Fitting bass guitars into your mix can be problematic for many reasons. The playing style of the bassist, in particular, can make life difficult, especially if they're inexperienced and don't play in a positive, assertive manner: if all you hear is a series of apologetic notes and the rattling of strings on frets, there's little you can do — and you may as well start loading up those sampled bass sounds right now. If the playing is clean and solid, though, here are a few pointers...
1 If you're miking an amp, listen to a test recording to ensure there are no over‑loud or over‑quiet notes caused by standing waves in the room. If there are, move the mic and bass cabinet and try again. Being too close to walls, corners or the exact centre of the room tends to exaggerate such problems. Even if you do get a great sound from the mic, it's just as well to record a clean DI on a separate track at the same time, in case you need to change the sound later.
2 The way a bass sound is perceived depends on what else is happening in the mix. What sounds deep and fabulous on its own may turn to mud once all the other tracks are brought in. Listen to your mix with the bass muted, and check what else is happening at the low end. In most mixes, the only other deep bass should come from the kick drum — so use your high-pass filters set to 12 or 18dB/octave to trim away unnecessary low frequencies from other instruments and voices.
3 In a typical pop or rock mix, the kick and bass work together, so ensure they're correctly balanced. Some engineers like to carve a 'hole' in the bass guitar with EQ or side-chain compression to allow the kick its own sonic space, but it's best to evaluate this on a case‑by‑case basis. Sometimes songs works best if the kick and bass merge into one sound, while others demand distinctly different sounds.
4 When blending a DI'd bass with a miked amp or the output from an external processor, the low end will suffer if the signals aren't in phase. Getting them in phase is easy to do by looking at the waveforms of the two tracks and moving the miked track so that it lines up exactly with the DI (if it doesn't already do so). You may be able to do this with the track offset feature of your DAW, or by simply dragging the track by a tiny amount. If this doesn't offer adequate resolution, try advancing the track so that it is just ahead of the DI track, then use a sample delay plug‑in to achieve perfect alignment.
5 Bass isn't all about bass! If it was, you'd hear little or no bass guitar on a small transistor radio, as radios can't reproduce the same low frequencies that larger speakers can. To ensure that your bass part can be heard on small consumer systems or computer speakers, play your mix through a 'grot box' such as a cheap, stand‑alone music centre with an aux input, and then adjust the EQ in the range 250Hz to 1kHz to ensure that the bass sound has enough character in that region to remain audible. This will also help give the bass definition in a busy mix when heard over full‑range systems. Sweeping through with the EQ set to boost will pinpoint where the effective frequencies are for your particular instrument.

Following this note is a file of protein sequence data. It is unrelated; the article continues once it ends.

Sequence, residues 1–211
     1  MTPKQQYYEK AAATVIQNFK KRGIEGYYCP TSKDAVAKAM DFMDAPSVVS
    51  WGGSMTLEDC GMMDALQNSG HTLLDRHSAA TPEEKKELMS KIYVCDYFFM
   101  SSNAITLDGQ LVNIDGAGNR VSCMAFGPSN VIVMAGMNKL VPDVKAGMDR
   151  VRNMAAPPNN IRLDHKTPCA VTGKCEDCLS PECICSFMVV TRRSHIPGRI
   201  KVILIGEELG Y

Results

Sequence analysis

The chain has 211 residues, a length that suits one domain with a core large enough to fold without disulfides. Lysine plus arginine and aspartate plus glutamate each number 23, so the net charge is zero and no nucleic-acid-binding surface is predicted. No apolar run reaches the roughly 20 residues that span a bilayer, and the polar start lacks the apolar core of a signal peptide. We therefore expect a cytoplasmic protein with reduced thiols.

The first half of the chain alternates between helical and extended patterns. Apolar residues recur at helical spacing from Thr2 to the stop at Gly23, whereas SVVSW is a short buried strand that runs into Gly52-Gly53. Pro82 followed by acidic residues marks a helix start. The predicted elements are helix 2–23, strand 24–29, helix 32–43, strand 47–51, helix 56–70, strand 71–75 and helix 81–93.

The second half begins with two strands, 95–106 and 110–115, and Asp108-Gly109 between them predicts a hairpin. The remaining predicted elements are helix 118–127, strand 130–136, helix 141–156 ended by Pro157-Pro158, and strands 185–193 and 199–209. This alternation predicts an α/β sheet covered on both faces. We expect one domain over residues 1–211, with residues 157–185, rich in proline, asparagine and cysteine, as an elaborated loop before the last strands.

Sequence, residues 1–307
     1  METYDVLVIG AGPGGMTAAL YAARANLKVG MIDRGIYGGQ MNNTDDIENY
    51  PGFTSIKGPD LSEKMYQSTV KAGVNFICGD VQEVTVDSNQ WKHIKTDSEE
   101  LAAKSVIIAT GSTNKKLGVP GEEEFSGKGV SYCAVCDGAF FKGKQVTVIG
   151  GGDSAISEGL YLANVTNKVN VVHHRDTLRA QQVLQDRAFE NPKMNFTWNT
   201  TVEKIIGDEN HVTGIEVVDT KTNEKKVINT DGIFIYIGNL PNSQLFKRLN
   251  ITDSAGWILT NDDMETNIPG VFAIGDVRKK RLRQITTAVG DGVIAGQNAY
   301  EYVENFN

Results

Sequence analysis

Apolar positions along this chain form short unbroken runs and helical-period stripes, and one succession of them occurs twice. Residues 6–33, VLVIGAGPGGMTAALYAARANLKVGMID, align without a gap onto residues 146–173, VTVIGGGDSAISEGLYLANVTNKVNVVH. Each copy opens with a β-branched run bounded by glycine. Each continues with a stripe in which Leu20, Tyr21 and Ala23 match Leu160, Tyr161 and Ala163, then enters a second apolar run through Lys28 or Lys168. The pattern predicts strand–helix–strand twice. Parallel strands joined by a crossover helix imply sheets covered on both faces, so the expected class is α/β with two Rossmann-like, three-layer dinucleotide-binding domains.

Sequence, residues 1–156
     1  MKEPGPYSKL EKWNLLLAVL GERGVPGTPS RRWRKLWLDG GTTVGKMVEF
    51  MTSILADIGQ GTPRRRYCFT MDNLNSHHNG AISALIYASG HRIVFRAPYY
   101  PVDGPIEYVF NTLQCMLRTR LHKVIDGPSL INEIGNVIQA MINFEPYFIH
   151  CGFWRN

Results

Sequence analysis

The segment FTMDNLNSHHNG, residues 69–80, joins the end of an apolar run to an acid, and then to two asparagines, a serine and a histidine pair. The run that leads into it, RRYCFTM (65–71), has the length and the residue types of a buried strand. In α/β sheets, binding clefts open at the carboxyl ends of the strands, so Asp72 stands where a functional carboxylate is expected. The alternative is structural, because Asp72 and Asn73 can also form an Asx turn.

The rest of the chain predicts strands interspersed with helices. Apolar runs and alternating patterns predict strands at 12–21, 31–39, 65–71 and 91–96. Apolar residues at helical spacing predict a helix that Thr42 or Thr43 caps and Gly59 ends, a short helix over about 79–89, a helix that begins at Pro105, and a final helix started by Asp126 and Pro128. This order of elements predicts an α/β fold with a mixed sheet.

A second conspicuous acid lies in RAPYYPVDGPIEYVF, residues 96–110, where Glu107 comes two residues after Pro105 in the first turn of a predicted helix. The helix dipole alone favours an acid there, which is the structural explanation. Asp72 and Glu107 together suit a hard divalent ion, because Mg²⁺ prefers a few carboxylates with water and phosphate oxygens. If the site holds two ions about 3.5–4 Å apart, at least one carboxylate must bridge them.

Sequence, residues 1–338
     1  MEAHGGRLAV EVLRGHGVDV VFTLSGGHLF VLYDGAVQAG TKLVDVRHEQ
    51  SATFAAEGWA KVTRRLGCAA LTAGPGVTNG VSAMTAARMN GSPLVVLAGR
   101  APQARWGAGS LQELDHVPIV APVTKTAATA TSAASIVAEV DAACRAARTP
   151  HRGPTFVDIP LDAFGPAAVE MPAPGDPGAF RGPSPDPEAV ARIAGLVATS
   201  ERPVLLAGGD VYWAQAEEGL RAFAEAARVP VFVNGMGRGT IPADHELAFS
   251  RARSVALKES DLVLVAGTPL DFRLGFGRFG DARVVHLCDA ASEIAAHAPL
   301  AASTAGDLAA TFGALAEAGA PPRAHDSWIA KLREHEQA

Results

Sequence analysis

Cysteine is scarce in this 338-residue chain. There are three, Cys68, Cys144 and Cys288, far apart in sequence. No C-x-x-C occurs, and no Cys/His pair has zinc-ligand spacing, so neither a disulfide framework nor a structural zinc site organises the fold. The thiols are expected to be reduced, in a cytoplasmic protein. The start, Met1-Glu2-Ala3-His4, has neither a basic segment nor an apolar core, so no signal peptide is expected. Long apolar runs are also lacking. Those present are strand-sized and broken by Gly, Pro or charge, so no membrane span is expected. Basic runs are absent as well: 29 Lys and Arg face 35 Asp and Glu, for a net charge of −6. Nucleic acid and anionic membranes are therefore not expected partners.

6 Use compression to keep the bass level even, especially if the player indulges in a lot of pulling and slapping. If you're confident about setting up a compressor, try adjusting the attack time so that the transient of the note punches through uncompressed. Combine this with the fastest release time you can set without gain‑pumping becoming obvious. Medium ratios of around 5:1 work OK with bass, but you can also go higher if the player has a very wide dynamic range. Aim for gain reduction of around 8dB on the peaks as starting point, then adjust the threshold control until the part sounds tight and even.
If you're less confident with compressors and are using software, by all means use a preset designed for bass guitar — but note that you'll still need to adjust the threshold control to set the required amount of gain reduction. Sometimes feeding the bass guitar and kick drum through the same compressor will help the sounds to integrate.
7 If the bass sound isn't working in the track, there's no reason not to process it via a guitar-amp or bass-amp modelling plug‑in, as these can add a thickness and character that's difficult to achieve using compression and EQ alone. Many amp models include subtle (and some not‑too‑subtle) distortion components, which can make a bass sound louder and more punchy, providing you don't overdo it. This technique applies equally to DI'd and miked recordings.
8 Another salvage technique is to use a 'fingerprint' EQ (such as Logic's Match EQ or TC's Assimilator) to impose the tonal character of a known good‑sounding bass part to the one you're working on. You can even use a decent‑sounding sampled bass as the reference, and then create an EQ curve to match your own recording to it. Such plug‑ins compare the spectrum of the two sounds, then generate a complex EQ curve to give the sound being processed the same average spectrum as the reference.
9 When mixing, the ears very quickly become accustomed to the mix sound, so when you think the mix is almost there, turn the bass right down, then gradually bring it up again until it sounds right to you. If the fader is back where it was before, you're probably not far off — but do take a break and come back to it, as your perception of a mix can change after a rest. Playing commercial mixes in a similar style can help you retain a sense of perspective, and also provide a reference to aim for.
10 If you can get great results by completely ignoring the first nine points, then do it! Guidelines are only guidelines, after all. Paul White